12. “Rock Oil” • Old Way: Whale Oil (for Lamps) • Oil (Rock Oil) • A Canadian scientist figured out how to take ground oil (crude oil) and make it usable in lamps (Kerosene) • Edwin Drake (a railroad conductor) saw how companies only collected surface oil for use. • He learned about salt drilling techniques, leased some land, and successfully drilled the first oil well. • Oil would quickly boom into an important new industry as it was used for lamps, lubricating machines, and eventually fuel for cars.

  13. IR in Germany • Germany will industrialize late because of the autonomous nature of a disunited Germany • However, Germany had large supplies of iron ore and coal which made them leaders in metalwork • Supporting the railroad industry became Germany’s strong point • Later on Germany would develop a strong chemical, electrical, and weapons industry

  14. IR in Japan • As Japan came out of isolationism they modernized • Japan would mechanize silk weaving, and build railroads and ships • The rapid industrialization of the country would make it a power in East Asia • Japan would even force China to supply them with raw materials

  15. IR Affects the Economy • The rise of mechanization in production will greatly affect the economies of the world. • Before the IR local craftsmen & artisans would produce the goods an area needed. This was known as the cottage industry or a domestic system. • In the Cottage Industry people tended to produce goods out of their homes (cottages)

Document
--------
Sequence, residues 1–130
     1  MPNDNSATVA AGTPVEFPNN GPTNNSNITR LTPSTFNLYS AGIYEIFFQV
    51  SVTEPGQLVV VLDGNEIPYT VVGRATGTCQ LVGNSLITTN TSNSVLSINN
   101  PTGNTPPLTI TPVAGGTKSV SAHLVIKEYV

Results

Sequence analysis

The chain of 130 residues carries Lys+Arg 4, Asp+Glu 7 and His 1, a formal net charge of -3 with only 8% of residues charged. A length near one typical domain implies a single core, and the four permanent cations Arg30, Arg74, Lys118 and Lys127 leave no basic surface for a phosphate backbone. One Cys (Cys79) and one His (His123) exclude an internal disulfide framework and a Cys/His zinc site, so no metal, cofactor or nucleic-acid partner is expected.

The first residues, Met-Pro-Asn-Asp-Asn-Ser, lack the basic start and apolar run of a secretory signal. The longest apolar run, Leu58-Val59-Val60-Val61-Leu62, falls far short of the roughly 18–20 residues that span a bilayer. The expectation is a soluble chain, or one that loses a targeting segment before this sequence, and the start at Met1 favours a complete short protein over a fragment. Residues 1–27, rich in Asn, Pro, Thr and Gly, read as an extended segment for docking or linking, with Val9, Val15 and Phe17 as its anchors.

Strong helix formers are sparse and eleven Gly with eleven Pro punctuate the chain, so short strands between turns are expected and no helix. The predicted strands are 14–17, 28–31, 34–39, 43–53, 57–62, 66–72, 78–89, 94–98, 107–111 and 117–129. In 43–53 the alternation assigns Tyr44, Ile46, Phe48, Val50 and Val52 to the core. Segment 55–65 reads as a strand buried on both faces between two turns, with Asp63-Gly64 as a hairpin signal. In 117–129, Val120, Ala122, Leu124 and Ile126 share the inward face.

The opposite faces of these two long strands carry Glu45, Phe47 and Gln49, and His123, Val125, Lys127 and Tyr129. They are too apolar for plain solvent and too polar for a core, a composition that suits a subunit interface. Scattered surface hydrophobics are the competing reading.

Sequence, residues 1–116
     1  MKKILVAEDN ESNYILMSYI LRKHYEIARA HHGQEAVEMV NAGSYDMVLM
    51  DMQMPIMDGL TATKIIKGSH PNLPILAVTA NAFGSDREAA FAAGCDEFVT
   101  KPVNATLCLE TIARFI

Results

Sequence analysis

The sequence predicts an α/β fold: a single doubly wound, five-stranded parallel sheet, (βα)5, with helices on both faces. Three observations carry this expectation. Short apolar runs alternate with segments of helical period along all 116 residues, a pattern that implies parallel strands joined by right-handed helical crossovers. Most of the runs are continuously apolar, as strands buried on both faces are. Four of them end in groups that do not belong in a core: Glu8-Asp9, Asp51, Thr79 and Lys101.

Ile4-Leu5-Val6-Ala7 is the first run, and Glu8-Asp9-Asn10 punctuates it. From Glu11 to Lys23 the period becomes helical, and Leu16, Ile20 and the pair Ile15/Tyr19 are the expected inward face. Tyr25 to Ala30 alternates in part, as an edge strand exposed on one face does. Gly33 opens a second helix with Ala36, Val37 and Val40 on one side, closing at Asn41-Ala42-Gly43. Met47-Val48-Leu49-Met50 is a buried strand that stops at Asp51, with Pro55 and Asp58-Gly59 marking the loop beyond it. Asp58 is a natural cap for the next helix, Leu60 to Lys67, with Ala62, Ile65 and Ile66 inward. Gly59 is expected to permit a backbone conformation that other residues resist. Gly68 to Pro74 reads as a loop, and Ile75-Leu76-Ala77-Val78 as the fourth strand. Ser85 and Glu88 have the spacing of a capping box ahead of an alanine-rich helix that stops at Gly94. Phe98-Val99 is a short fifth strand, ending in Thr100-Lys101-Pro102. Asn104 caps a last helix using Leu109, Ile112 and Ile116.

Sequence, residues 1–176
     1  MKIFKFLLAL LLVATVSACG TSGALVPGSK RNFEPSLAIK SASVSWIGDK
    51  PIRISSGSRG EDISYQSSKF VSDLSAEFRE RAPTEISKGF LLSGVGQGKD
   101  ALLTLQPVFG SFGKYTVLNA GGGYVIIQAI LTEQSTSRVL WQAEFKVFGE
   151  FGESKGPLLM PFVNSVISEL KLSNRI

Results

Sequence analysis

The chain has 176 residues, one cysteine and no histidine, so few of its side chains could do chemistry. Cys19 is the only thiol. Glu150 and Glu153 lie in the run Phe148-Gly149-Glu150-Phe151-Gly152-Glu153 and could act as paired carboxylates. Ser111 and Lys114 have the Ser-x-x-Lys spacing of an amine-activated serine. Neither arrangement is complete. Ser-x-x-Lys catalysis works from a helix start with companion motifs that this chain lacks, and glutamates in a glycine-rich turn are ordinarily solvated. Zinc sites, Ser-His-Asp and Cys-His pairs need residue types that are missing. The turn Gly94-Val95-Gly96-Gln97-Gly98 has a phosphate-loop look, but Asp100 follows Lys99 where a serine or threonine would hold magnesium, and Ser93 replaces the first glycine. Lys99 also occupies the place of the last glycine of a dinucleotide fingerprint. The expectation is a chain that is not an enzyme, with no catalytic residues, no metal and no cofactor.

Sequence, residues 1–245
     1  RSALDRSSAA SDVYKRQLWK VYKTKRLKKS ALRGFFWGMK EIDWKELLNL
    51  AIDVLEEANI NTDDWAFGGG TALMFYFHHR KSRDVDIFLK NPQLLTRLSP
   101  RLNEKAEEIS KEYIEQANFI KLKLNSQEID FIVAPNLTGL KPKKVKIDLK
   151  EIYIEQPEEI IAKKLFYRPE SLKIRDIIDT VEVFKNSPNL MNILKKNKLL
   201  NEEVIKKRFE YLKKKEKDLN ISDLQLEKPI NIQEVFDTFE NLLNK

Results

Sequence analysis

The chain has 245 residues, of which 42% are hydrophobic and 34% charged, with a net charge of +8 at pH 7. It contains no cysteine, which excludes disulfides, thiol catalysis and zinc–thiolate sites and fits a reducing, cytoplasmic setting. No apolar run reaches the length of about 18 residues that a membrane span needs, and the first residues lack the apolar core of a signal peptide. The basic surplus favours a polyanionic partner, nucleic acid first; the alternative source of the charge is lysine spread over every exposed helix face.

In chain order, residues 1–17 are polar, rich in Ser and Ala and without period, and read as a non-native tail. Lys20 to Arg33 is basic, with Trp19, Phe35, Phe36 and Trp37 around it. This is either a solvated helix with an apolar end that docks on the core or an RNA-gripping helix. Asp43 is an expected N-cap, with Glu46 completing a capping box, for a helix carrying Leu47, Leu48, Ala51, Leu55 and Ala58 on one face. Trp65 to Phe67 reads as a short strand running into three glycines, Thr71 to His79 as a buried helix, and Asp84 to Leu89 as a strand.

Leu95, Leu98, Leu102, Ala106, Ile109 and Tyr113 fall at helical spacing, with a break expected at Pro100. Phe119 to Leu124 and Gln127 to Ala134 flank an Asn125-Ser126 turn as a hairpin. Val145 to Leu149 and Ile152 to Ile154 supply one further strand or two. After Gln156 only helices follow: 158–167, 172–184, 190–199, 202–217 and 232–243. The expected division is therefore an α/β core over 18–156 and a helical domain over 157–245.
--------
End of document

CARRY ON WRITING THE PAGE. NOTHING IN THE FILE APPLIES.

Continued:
16. IR: The Factory System • The evolution of the cottage system was the development of the factory system • The factory system had many benefits • Merchants could oversee work • New technology could be utilized • Unskilled/semi skilled laborers could be used to complete specific tasks, thereby speeding up production (Division of Labor) • All of these developments would help led to mass production

  17. IR: Revolution in Agriculture • Machines soon made their way onto farms • American Inventor Cyrus McCormick created a horse drawn reaper that cut & collect grain • This increased the amount of food farmers could produce, and lowered the amount of labor needed • This is also the time period where farmers started to use fertilizers, ground cover on fallow fields, and bred livestock for best results

  18. Financing the Revolution • The IR led to capitalism- an economic system where resources are privately owned and market forces determine distribution • Wealthy individuals saw the opportunity for success and would invest their money into specific industries (capitalism) • Industries with more money would be able to grow larger & faster • Banks also encouraged the IR by giving loans

  19. IR- Big Business • Making money is good, competing to make money is bad. • Businesses under the IR would attempt to control an industry as fully as possible, leading to the rise of monopolies • Rockefeller-Standard Oil, Carnegie- Carnegie Steel, Britain- Midland Railway, France- Parisian Gas Company • In Japan a monopoly was known as a zaibatsus